In many countries checking whether or not the trademark is already registered is, for the most part, sufficient. These countries are referred to as first-to-file jurisdictions (e.g. China); trademark protection in these territories begins upon registration.

In other countries like the United States, actual use of a trademark is what grants the owner the rights to it. Therefore, merely checking if a trademark has been registered before the local trademark office does not ensure that a third party cannot eventually claim rights over a mark, if they have previously and effectively used it in the marketplace. These countries are referred to as first-to-use jurisdictions.

The search for conflicting trademarks must not be limited to trademarks that are identical but should include those that may be likely to produce confusion. Likelihood of confusion exists if there is a presumption that consumers may believe that trademarks of different owners are related, affiliated, connected, or that the goods or services offered under such trademarks originated from the same source, trader or provider.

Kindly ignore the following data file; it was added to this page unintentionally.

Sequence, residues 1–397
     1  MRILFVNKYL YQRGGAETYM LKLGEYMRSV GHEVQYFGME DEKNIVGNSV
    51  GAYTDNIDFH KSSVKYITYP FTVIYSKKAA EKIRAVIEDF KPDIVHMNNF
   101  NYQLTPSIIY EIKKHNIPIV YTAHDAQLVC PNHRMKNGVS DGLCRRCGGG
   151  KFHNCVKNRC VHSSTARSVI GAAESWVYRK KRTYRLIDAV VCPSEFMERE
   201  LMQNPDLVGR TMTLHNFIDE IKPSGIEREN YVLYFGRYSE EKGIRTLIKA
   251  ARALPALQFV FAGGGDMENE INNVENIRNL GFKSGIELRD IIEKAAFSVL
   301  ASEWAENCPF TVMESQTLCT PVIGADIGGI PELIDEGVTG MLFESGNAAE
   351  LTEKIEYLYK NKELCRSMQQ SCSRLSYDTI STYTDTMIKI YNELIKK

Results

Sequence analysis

Confusing similarity with another trademark can be in appearance, in sound or in meaning. What similarity should be considered as confusing will be determined by the consumer’s first impression and whether the two trademarks may be mistakenly connected or cause a similar overall commercial impression. It is enough if the subsequent (conflicting) mark captures the consumer’s initial attention and such confusion is only temporary. Even if the confusion would only be temporary and not influence the consumer’s decision to purchase, the similarity of the two marks should still be considered as confusing.


Kappa Logo

Confusion in appearance is not limited to trademarks that are identical. If a subsequent trademark includes elements that are identifiable with the original mark, there might also be confusion in appearance. The average consumer will retain a general rather than a specific impression of the trademark, therefore, even if there is a change of color or positioning, or if elements are added, if consumers are likely to connect a trademark with that of another, the similarity of the two marks should still be considered as confusing.


Coca Cola